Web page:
Retro Re-release Roundup, week of June 17, 2021

The first salvo in CAVE's impending barrage of bullet hell ports to Switch.

Sadly, this week's roundup had to exclude an exciting game at the last second: Wizardry Gaiden:The Five Ordealsa remake of the final game in the Japan-only Wizardry Gaiden sub-series that was set to hit Steam Early Access tomorrow but has been indefinitely postponed due to what appears to be a rights dispute with one of the nebulous, unidentified entities that claims to own a stake of the Wizardry brand. Oh well, hope ya like dodgin' stuff.



  • Platform: Nintendo Switch, PlayStation 4 (worldwide)
  • Price: $7.99 / €6.99 / £6.29
  • Publisher: Hamster

What's this? A vertically-oriented, horizontally-scrolling shooting game with racing game elements, originally distributed in Japanese arcades by Nichibutsu in 1984 under the title Sector Zone and remade for Famicom and NES in 1986 bearing the international title, Seicross. The player is tasked with shooting enemies, nudging rival riders and rescuing people as they drive across alternating slow- and fast-scrolling stages; firing shots drains the bike's energy, and while rescuing more people will power up your shot and deliver a bigger end-stage bonus, it'll also cause your energy to drain faster, resulting in automatic death if and when it's depleted.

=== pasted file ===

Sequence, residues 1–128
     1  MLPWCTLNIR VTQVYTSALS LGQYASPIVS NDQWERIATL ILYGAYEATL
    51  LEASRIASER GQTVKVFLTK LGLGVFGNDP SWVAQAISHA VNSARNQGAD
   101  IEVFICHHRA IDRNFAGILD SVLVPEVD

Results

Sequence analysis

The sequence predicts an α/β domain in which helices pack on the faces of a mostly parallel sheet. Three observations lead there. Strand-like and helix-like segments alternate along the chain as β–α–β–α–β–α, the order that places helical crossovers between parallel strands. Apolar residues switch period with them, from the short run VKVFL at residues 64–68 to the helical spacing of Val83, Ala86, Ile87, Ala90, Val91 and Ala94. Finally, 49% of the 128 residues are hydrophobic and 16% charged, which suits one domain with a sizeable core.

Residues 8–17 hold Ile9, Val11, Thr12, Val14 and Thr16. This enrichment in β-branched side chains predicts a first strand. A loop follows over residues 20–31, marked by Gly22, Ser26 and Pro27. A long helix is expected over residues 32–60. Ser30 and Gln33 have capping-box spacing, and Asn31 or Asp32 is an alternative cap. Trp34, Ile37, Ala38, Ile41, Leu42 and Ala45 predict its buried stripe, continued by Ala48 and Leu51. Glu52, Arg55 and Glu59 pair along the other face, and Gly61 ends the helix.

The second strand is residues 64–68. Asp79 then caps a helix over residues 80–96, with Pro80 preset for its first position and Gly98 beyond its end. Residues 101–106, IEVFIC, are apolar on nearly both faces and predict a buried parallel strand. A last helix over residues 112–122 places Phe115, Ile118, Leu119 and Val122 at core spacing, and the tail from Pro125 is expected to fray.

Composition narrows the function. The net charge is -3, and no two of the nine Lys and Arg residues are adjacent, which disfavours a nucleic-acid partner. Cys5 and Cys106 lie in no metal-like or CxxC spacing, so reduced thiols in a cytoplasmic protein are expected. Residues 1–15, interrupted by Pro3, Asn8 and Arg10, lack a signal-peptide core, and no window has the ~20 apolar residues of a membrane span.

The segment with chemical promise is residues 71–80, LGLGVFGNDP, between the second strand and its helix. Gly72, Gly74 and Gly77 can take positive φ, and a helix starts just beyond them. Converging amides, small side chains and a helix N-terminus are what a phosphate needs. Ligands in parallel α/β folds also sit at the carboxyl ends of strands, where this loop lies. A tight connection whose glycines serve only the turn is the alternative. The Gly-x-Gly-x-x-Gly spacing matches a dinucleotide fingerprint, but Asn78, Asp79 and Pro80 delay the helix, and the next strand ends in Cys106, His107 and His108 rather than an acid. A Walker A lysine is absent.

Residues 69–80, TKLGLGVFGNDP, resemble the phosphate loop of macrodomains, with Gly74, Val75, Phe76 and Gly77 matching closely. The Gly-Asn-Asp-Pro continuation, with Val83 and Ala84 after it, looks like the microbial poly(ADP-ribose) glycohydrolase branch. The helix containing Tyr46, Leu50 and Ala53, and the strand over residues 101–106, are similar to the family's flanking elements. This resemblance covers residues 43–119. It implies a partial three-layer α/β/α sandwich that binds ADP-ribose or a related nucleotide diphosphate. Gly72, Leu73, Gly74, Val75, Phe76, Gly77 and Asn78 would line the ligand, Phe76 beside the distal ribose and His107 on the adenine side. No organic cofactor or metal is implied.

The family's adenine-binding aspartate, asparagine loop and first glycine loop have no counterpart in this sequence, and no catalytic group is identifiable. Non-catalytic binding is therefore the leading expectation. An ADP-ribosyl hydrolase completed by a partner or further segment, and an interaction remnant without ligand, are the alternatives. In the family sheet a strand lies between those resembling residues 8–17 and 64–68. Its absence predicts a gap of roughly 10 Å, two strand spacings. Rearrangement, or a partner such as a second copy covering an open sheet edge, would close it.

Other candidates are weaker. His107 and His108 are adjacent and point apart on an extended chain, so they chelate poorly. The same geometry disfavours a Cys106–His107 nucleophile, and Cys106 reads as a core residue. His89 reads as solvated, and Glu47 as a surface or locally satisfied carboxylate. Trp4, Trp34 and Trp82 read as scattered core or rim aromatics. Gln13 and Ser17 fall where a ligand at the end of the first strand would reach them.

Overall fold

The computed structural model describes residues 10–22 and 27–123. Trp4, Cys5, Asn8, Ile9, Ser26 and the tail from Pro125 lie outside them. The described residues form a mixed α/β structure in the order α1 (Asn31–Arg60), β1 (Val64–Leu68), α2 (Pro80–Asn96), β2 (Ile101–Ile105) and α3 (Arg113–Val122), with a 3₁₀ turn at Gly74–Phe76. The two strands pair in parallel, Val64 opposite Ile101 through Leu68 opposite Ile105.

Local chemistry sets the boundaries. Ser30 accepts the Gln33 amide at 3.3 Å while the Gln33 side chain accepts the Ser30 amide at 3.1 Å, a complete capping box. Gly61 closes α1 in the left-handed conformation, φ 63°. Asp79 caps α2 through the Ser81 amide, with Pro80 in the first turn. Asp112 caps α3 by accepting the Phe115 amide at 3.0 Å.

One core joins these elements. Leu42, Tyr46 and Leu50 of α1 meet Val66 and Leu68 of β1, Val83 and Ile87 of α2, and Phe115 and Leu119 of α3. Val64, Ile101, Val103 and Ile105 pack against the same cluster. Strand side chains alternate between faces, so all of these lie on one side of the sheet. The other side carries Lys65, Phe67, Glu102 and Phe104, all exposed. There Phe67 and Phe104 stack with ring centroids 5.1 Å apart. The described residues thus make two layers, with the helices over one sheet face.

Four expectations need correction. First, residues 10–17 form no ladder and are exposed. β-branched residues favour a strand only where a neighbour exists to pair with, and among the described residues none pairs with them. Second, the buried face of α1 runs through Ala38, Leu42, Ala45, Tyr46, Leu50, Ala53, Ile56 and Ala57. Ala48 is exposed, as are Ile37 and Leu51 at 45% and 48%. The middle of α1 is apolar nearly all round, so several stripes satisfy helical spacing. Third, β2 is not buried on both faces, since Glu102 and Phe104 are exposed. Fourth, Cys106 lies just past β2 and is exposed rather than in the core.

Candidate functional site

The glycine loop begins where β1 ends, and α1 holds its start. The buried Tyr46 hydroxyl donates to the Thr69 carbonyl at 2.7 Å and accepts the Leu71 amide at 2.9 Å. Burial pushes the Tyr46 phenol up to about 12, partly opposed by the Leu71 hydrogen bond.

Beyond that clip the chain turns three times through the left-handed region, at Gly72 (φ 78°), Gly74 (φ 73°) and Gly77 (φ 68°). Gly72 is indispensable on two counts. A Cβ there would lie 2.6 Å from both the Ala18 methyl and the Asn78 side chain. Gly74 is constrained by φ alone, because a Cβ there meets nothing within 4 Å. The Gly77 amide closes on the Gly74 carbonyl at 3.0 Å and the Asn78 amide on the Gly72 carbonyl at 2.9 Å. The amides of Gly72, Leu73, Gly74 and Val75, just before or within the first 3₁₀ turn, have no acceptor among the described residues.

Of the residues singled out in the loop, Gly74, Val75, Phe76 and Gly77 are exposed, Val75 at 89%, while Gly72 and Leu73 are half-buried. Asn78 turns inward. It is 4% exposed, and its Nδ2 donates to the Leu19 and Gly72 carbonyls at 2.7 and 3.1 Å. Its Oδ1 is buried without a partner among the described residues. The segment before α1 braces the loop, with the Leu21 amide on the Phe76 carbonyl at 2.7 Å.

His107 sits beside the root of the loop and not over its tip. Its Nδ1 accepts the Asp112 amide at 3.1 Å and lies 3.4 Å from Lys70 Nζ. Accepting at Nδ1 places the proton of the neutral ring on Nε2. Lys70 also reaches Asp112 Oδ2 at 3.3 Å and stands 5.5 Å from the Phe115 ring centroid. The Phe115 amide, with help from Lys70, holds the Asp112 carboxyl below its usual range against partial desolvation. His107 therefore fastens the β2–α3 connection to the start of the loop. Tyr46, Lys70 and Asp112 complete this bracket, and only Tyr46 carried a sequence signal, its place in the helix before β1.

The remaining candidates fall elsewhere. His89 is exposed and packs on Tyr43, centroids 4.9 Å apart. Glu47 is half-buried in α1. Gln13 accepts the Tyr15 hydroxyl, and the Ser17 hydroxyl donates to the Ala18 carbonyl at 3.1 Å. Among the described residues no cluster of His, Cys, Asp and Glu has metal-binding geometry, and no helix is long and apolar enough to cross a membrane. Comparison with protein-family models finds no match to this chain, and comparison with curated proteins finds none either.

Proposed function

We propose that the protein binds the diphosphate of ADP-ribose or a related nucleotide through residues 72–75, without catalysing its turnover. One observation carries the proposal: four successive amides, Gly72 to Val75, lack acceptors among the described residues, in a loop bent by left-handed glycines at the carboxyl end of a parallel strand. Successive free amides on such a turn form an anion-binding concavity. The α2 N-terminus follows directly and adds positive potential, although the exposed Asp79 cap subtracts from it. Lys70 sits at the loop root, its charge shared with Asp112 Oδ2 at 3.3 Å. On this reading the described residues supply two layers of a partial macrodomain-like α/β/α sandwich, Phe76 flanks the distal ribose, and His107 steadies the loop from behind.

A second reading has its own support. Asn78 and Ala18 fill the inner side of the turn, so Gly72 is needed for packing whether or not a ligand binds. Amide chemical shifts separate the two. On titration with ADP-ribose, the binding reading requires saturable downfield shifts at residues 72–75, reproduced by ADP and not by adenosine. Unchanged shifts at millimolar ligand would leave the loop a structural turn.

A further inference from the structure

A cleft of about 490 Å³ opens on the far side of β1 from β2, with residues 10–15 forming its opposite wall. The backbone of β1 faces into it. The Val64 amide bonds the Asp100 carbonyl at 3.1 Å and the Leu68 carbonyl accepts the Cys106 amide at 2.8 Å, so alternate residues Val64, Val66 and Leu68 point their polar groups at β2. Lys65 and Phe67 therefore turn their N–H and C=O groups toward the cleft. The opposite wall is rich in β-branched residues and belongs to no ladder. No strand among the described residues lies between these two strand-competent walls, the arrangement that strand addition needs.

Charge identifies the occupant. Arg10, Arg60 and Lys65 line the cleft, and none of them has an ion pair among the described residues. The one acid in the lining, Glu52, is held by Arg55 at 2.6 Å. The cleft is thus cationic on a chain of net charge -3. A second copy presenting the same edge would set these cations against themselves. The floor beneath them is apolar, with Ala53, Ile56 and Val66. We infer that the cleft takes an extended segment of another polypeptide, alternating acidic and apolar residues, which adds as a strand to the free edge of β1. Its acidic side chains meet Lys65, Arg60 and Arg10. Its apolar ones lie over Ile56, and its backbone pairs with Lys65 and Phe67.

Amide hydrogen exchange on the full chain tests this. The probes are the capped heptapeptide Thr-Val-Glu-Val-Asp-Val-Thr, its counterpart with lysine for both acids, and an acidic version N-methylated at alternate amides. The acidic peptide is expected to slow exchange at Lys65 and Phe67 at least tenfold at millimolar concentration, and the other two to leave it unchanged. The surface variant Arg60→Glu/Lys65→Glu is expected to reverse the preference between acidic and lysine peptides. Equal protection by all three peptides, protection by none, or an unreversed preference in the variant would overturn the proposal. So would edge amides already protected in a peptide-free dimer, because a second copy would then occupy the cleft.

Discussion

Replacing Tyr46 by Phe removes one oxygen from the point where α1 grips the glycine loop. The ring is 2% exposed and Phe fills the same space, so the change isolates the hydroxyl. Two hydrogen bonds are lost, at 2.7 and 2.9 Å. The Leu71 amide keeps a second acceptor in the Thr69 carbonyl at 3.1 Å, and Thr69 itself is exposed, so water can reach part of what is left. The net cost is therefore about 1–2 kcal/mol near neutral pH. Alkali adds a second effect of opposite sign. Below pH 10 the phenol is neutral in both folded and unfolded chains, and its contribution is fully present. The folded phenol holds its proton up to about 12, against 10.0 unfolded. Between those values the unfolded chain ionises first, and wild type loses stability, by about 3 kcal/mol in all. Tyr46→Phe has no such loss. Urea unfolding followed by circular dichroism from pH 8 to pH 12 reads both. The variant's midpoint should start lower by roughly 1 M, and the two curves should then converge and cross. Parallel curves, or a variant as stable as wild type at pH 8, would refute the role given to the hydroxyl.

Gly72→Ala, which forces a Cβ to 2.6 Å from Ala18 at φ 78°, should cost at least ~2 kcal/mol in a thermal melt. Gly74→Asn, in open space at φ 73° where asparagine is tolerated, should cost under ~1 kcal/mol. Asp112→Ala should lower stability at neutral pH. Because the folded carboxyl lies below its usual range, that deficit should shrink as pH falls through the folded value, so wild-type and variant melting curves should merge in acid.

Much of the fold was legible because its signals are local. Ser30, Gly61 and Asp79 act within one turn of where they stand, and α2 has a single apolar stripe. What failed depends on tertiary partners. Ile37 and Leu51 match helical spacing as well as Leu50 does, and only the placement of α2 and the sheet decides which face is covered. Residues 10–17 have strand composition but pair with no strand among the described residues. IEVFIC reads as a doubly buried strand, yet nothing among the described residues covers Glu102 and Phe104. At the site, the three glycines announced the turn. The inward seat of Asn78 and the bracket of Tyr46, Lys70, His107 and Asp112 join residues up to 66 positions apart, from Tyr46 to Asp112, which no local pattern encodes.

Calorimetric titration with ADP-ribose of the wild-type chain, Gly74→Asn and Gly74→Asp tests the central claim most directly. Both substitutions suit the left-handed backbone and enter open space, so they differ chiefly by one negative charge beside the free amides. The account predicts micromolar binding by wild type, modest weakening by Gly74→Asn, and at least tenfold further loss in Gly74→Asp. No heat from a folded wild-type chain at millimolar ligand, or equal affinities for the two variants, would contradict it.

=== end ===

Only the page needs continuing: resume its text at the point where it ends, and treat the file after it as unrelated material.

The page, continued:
Why should I care? You're willing to sacrifice the relative viewability, playability and fairness of the NES version for a hit of that signature early-'80s Nichibutsu perspective futzery.

Useless fact: I wasn't aware of this until I sat to write this roundup, but the Japanese reading of "seicross" is identical to a particular online slang word for sex, and there's some (okay, a little) debate about the etymology of the word and whether it existed in that context before the release of Seicross or whether the word was introduced by the Famicom game.


Ninja JaJaMaru-kun Ranbu

  • Platform: Nintendo Switch (Japan)
  • Price: ¥500
  • Publisher: G-MODE / City Connection

What's this? An original action game in Jaleco's signature comical ninja series, released on the Jaleco Garesso feature phone subscription service in 2004; themed around the four seasons, JaJaMaru-kun must fight his way through yokai-infested stages using new abilities like a wall jump, a tackle and a power gauge that amplifies his attacks.

Why should I care? JaJaMaru-kun's arguably never looked better in pixel-art form, and while this game runs as smoothly as you'd expect an early-'00s phone game to run, it was clearly designed in a manner that doesn't demand a lot of the player, so it's not as frustrating as one might presume it to be.